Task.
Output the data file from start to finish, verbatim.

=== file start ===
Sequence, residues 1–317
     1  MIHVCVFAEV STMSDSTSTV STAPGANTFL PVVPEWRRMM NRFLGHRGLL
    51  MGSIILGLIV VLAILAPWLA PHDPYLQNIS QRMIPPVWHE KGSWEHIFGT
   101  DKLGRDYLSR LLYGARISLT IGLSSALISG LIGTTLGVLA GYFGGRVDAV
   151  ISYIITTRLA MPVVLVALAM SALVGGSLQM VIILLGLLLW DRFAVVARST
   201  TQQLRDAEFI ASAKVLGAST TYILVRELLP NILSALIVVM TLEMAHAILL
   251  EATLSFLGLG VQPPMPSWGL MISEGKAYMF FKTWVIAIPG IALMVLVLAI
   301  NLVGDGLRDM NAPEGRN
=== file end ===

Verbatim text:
Sequence, residues 1–317
     1  MIHVCVFAEV STMSDSTSTV STAPGANTFL PVVPEWRRMM NRFLGHRGLL
    51  MGSIILGLIV VLAILAPWLA PHDPYLQNIS QRMIPPVWHE KGSWEHIFGT
   101  DKLGRDYLSR LLYGARISLT IGLSSALISG LIGTTLGVLA GYFGGRVDAV
   151  ISYIITTRLA MPVVLVALAM SALVGGSLQM VIILLGLLLW DRFAVVARST
   201  TQQLRDAEFI ASAKVLGAST TYILVRELLP NILSALIVVM TLEMAHAILL
   251  EATLSFLGLG VQPPMPSWGL MISEGKAYMF FKTWVIAIPG IALMVLVLAI
   301  NLVGDGLRDM NAPEGRN